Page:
Archive for Thursday, November 2, 2006

Community pays last respects to soldier

Corporal buried at Fort Leavenworth after death in Iraq

November 2, 2006

— Hundreds of members of the Leavenworth and Fort Leavenworth communities turned out last week to pay their final respects to Army Cpl. David M. Unger.

Unger, a 21-year-old Leavenworth native, died Oct. 17 in Baghdad, Iraq, from injuries suffered when an improvised explosive device detonated near his vehicle. He was one of four soldiers killed in the incident.

Soldiers carry Cpl. David Unger's casket from the chapel to a horse-drawn hearse Friday at Fort Leavenworth.

Soldiers carry Cpl. David Unger's casket from the chapel to a horse-drawn hearse Friday at Fort Leavenworth.

Those who knew Unger considered him family. So did those who didn't know him. That's why the streets of Fort Leavenworth were lined Friday, Oct. 27, with people - both uniformed soldiers and concerned community members - wanting to honor Unger and his family.

"It's a brotherhood where we all know somebody who's over there," said Lt. Col. Bryan Market, explaining his presence. "It could have been my family. The point is we're all family."

Inside Fort Leavenworth Main Post Chapel, Unger's friends and relatives shared stories and memorable music that was close to their hearts.

Josh Shockey, Unger's cousin, sang Collin Raye's hit song "Love, Me." The song had personal meaning to Laura Unger, David Unger's wife, because she said she'd heard it just before learning of her husband's death. The Boyz II Men hit "A Song for Momma" also was played in honor of Unger's mother, Diana Pitts.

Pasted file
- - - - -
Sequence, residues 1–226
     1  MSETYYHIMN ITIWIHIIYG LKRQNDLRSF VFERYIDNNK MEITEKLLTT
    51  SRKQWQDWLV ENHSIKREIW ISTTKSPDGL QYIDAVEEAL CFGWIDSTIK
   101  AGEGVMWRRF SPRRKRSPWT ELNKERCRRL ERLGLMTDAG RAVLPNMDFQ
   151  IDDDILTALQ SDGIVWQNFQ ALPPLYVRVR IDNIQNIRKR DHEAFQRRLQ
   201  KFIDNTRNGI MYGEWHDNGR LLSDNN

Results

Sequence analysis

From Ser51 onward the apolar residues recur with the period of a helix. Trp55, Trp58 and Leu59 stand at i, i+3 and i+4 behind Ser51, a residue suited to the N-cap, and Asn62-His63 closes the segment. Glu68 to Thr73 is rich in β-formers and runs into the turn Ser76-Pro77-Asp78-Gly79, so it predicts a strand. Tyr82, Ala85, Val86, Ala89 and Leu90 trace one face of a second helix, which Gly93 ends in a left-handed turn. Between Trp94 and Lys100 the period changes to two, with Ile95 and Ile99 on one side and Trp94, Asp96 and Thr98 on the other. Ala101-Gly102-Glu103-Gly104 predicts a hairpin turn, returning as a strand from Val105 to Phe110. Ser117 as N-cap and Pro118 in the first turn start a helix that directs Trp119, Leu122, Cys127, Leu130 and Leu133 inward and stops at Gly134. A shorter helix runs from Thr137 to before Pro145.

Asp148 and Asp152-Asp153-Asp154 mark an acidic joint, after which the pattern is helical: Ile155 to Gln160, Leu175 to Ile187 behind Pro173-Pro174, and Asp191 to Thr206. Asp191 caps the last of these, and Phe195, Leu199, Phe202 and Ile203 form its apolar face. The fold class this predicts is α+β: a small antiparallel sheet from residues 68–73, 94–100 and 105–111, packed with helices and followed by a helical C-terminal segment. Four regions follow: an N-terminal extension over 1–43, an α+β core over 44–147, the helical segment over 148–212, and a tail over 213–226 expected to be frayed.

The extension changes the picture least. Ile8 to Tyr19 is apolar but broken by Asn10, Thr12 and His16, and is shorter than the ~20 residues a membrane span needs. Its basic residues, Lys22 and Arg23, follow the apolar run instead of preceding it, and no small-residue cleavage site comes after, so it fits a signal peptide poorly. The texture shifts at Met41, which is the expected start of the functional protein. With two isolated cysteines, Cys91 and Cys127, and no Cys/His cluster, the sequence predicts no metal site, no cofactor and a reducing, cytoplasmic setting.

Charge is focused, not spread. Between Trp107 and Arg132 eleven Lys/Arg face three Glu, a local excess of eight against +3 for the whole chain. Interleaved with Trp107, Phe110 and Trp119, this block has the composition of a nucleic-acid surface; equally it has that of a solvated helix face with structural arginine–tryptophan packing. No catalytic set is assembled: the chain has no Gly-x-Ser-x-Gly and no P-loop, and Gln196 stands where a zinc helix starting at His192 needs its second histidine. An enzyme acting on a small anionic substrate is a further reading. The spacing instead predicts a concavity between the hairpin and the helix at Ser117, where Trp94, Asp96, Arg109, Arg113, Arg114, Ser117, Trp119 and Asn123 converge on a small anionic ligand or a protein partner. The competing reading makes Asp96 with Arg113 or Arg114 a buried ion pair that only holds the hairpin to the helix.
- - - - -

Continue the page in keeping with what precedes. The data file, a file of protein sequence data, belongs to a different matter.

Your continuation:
Laura Unger, wife of Cpl. David Unger, watches as her husband's casket is loaded into a horse-drawn hearse Friday at Fort Leavenworth. Unger was killed in Iraq.

Laura Unger, wife of Cpl. David Unger, watches as her husband's casket is loaded into a horse-drawn hearse Friday at Fort Leavenworth. Unger was killed in Iraq.

Nichole Blaser used the eulogy to encourage everyone to remember a special moment they spent with Unger.

"I don't know of anyone who David hasn't touched with a laugh or smile," Blaser said, comparing Unger to comedian Jim Carrey because of his ability to lighten the mood during tense times with his "goofy" sense of humor.

Jeremy Unger, David's brother, reminisced about the moment his older brother decided to get married.

"J, I'm getting married, bro, but you can't tell mom yet," Jeremy Unger said, explaining that that was when he saw his brother become a man.

Jeremy Unger said it was hard for him to deal with losing his brother, but he said it made it easier knowing his brother died for a purpose.

"We are David's reason," he said. "He died protecting us and our freedom. That's something I can live with."

Caitlin Sullivan, Unger's cousin, described him as playful and fun-loving. Chaplain (Maj.) Ken Godfrey called Unger a "tender warrior" and told of Unger's 4 a.m. phone call to his mother on Oct. 10 when he asked her to "tell everyone I love them."

Soldiers and members of the Patriot Guard lined the road from the chapel to Fort Leavenworth National Cemetery. Some saluted as Unger's casket passed in the back of a horse-drawn carriage. Others stood in somber silence. It was a final sign of respect from a community in mourning.

In an e-mail to The Current, Laura Unger said the community's support meant a lot to the family.

"The outpouring of the community was so amazing," she wrote. "I would have never thought that so many people loved my husband and our family. There haven't been any single instance that has touched me. I actually feel as though every instance is special."

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